The thoracic spine is a curve called thoracic kyphosis. The most forceful movement is the sideways bends. It is made of 12 vertebrae. They gradually change their structure to become higher and wider. They are tightly connected (tiled) and have limited movement due to the connection to the chest. The vertebrae have articular processes that connect to the ribs. The places where sections of the spine connect are exposed to pathological changes or overload. Disturbances within one segment of the spine are associated with asymmetry throughout the whole spine.
- Posture defects – back: round, concave, flat, round-concave. Scoliosis- lateral curvatures of the spine.
- Scheuermann’s disease, ankylosing spondylitis.
- Fractures – the most common vertebrae compression (osteoporosis/injuries)
- Muscle dysfunction affects incorrect posture, which is associated with the deepening of curves or their shallowing.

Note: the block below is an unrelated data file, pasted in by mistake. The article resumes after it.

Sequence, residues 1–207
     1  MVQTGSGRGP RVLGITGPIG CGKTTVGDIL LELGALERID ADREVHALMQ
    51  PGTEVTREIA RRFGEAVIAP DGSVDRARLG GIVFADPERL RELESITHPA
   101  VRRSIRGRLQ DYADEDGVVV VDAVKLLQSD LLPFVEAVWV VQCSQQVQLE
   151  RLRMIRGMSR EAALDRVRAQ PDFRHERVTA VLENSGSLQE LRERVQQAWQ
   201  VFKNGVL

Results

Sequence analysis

- Degenerative changes – affects intervertebral discs, vertebral joints or ligaments. The changes lead to narrowing of the spinal canal. They provoke back pain, numbness, paralysis radiating, for example, to the chest or ribs.
Learning the correct body posture should be started with strengthening the muscles stabilising the spine. Improvement of the posture follows a series of correctly selected exercises – breathing, stretching or relaxing. The therapist can use manual therapy, work on soft tissues, and mobilise or manipulate the spine joints, bringing pain relief. Lasers or currents give good results. If necessary, special orthopaedic equipment, such as corrective corsets, should be used to treat scoliosis. Rehabilitation involves the patient’s involvement and cooperation with physiotherapists.